Attijariwafa Bank, Morocco, is the top-ranked bank in our North African regional table this year, with Tier 1 capital of $4.1bn, up from $3.0bn in last year’s survey.
It changes places with Banque Centrale Populaire (BCP), despite the latter increasing its capital from $3.3bn to $3.6bn. Another Moroccan company, BMCE Bank, moves up four places from seventh to third, to complete a Moroccan top three. There are eight Moroccan banks in the North African top 25 and three each from Algeria and Tunisia, but Egypt leads the way with 11.
BCP continues to expand its operations south of the Sahara. It now owns a 50% stake in Banque Atlantique, which operates in Benin, Burkina Faso, Côte d’Ivoire, Mali, Niger, Senegal and Togo, allowing the Moroccan company to take advantage of their common French language and legal systems.
In September, BCP announced a 12.7% rise in half-year profits to D1.1bn ($128m), although it also registered a 13% increase in bad debts. However, Banque Atlantique performed much more strongly, with a 61% increase in loans and a 37% rise in deposits.
One of the biggest developments in the Moroccan banking sector is the emergence of Islamic banking. The Islamic Banking Bill is currently being debated in parliament but there is some disagreement over how to combine religious and economic regulation of new Islamic banks, plus a fear that the creation of parallel markets could threaten the strength of the established banks.
North African banks in general have had a very good year, both in comparison with other years and in comparison with other parts of the continent. Most banks have registered higher profits and Tier 1 capital. Banque de l’Habitat takes 25th position this year with Tier 1 capital of $408m, a big increase on the $327m capital that the same bank needed to take the same spot this year.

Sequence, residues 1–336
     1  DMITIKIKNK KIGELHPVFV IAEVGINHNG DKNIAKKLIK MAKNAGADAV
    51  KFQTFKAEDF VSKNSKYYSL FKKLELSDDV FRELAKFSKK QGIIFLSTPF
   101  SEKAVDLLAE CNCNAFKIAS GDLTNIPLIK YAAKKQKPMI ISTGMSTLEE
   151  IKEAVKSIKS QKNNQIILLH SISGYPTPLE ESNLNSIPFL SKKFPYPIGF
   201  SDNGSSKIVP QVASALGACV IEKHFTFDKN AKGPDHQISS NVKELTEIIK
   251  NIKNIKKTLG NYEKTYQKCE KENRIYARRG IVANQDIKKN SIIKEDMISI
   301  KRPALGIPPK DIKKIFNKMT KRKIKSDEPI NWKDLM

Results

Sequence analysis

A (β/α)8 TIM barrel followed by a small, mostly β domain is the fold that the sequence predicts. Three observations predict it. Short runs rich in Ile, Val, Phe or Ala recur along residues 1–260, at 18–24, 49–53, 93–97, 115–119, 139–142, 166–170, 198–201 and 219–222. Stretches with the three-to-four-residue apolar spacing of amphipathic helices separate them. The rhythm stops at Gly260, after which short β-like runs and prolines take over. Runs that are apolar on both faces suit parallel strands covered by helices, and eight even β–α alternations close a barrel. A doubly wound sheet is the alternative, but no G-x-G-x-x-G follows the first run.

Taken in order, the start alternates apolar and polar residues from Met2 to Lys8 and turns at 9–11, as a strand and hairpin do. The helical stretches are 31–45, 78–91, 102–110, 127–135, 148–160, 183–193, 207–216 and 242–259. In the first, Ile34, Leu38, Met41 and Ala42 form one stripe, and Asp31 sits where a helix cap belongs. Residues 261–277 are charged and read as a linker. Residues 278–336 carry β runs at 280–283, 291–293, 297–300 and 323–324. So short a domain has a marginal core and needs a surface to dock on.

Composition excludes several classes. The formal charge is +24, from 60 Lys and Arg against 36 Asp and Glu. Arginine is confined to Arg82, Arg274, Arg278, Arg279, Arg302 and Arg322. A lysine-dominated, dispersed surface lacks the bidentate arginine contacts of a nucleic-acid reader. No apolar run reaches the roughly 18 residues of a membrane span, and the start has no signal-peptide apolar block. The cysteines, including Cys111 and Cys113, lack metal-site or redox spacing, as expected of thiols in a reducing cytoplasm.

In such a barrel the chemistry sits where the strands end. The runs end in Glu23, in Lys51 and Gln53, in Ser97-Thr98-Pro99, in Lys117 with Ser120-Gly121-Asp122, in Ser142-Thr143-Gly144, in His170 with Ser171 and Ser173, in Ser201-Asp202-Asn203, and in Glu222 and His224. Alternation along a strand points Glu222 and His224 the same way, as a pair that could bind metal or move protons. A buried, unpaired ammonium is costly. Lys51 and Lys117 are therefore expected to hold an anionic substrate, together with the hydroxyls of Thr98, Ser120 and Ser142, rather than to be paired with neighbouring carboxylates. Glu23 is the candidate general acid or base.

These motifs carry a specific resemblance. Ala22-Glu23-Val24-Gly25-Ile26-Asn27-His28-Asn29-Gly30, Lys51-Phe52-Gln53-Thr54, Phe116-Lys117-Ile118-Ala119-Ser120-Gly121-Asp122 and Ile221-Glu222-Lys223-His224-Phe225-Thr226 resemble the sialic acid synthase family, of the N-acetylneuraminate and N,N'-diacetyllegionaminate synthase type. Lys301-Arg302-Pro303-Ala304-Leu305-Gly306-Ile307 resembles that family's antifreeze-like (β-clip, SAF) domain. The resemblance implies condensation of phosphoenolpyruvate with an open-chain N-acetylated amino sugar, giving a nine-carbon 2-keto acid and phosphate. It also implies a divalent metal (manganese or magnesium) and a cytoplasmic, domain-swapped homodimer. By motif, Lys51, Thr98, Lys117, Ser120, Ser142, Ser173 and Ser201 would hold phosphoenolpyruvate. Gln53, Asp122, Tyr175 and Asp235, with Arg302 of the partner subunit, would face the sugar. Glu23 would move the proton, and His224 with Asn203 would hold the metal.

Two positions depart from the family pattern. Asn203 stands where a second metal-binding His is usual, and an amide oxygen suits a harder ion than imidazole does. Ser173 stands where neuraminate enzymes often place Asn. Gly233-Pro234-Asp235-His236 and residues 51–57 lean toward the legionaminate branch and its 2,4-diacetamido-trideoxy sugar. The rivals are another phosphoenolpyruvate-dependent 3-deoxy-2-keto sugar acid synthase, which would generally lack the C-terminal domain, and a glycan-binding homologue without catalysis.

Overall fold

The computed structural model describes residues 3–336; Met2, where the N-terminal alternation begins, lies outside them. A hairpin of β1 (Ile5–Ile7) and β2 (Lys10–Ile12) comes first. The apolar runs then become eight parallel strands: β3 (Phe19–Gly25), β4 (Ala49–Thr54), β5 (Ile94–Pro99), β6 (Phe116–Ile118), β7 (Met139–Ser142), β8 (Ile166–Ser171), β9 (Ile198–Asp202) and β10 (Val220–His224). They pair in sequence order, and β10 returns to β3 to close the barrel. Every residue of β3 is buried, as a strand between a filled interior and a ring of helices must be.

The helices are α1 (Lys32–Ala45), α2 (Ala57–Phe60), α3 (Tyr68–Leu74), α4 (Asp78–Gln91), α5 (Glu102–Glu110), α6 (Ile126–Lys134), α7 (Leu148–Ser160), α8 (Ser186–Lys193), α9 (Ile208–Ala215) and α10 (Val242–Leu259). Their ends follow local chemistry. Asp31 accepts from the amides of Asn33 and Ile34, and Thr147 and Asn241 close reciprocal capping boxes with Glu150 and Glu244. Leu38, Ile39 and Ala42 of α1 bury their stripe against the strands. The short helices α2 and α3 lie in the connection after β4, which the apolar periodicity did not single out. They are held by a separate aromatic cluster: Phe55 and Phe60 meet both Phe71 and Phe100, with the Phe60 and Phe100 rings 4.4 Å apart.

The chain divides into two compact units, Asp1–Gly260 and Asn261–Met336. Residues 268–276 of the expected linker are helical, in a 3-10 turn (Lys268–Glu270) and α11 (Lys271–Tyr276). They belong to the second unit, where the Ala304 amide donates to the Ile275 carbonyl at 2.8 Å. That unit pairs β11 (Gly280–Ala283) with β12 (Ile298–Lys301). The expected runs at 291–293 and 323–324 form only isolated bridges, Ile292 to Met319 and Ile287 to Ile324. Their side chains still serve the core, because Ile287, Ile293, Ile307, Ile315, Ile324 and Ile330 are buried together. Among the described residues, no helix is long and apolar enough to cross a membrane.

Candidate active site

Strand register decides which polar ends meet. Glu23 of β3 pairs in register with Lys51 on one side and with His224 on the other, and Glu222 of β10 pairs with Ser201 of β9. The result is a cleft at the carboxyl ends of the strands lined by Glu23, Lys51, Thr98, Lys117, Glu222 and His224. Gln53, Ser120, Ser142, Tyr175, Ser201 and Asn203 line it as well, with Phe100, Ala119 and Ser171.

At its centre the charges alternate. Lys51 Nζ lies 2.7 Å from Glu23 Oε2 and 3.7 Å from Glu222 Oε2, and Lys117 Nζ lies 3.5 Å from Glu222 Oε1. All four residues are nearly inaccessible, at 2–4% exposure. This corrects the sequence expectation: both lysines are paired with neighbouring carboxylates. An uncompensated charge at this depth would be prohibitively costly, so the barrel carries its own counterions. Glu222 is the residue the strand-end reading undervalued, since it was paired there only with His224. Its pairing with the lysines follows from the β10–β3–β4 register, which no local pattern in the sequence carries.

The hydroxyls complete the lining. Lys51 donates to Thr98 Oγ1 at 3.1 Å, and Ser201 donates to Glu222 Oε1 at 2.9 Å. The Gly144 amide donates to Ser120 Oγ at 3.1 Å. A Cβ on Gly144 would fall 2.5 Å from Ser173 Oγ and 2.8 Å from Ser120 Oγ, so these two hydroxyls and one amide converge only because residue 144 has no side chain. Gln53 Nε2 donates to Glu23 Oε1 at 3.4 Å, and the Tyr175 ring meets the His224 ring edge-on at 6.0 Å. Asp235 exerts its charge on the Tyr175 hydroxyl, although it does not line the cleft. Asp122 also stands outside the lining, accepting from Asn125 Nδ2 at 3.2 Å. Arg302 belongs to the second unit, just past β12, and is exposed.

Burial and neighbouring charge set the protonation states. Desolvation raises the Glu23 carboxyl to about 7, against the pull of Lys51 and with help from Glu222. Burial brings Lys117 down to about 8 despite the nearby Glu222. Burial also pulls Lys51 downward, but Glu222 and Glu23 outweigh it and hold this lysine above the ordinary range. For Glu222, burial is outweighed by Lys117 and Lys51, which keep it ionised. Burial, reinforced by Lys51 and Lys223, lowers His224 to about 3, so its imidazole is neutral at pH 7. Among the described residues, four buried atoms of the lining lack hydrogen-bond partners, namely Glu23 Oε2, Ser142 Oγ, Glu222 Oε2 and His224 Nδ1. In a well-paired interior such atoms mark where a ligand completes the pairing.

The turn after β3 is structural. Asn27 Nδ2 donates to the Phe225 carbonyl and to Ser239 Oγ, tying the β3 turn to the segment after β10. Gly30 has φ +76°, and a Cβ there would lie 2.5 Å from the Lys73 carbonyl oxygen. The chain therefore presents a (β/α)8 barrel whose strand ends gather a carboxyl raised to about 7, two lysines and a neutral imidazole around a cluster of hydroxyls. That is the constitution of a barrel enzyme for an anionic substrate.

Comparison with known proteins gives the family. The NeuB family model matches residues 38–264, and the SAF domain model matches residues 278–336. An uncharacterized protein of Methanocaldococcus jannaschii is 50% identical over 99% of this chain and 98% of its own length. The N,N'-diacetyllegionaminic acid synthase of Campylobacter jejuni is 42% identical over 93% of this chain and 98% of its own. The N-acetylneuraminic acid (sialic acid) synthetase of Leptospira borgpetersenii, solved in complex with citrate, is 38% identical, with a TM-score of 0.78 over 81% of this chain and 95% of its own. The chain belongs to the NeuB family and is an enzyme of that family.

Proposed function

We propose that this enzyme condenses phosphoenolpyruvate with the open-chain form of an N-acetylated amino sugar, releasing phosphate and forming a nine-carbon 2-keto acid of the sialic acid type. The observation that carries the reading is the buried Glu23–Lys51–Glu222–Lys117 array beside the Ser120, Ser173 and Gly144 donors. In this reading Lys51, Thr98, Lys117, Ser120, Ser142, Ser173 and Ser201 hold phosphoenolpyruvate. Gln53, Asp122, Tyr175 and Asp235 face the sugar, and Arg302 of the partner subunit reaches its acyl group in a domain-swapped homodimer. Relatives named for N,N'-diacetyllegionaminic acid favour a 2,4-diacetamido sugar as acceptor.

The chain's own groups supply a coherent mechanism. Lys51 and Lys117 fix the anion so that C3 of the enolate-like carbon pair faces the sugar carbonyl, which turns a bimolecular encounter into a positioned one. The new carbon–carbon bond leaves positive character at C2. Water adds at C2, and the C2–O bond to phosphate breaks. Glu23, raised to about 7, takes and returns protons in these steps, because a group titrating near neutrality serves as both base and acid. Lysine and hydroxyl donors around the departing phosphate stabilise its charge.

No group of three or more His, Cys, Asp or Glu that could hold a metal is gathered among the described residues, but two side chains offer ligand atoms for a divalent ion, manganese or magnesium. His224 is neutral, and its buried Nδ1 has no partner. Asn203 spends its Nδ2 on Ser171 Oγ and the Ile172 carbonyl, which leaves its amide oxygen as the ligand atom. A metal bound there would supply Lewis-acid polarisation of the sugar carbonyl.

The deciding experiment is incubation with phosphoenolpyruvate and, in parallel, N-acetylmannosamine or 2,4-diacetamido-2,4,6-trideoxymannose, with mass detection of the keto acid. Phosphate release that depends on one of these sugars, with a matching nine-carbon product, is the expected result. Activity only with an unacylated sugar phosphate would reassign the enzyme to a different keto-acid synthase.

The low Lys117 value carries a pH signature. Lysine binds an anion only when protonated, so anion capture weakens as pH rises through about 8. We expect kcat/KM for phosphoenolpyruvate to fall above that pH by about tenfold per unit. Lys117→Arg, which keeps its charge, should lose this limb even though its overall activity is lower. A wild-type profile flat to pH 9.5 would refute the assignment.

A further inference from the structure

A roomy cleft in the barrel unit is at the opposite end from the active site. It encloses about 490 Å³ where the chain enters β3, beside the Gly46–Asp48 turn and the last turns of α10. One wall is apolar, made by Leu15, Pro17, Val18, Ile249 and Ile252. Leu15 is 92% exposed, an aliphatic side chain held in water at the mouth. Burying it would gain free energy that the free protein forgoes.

With by far the biggest economy in the region, Egypt has the potential to be a huge player in the African banking sector and it is its potential that keeps so many Egyptian banks in our Top 100 African banks.
According to data from the Central Bank of Egypt, the banking sector’s total assets grew by 17% during the course of 2013, in local currency, to $242.2bn.
This seems impressive and is indeed praiseworthy, but is largely the result of a recovery following years of greater political and economic insecurity. Over the same period, total deposits increased by 20.6% in Egyptian pounds, although just 10.4% in US dollar terms.
Egyptian banks have played a big role in supporting Cairo’s budget by providing a convenient local market for treasury bonds.
The state’s involvement in bank ownership certainly plays a role on this front, as does the profit generated by state-owned banks, such as Banque du Caire, which recorded a pre-tax profit of E£1.4bn ($195m) in 2013, up 22.48% on the previous year.
Three state-owned banks account for 70% of the market, but the government has yet to finalise any plans for privatisation.
However, the banking market should receive a boost from the Central Bank’s decision to launch a 20-year programme to stimulate the housing and property markets by offering E£10bn ($1.39bn) at discounted rates to Egyptian banks prepared to offer mortgages to workers on lower wages.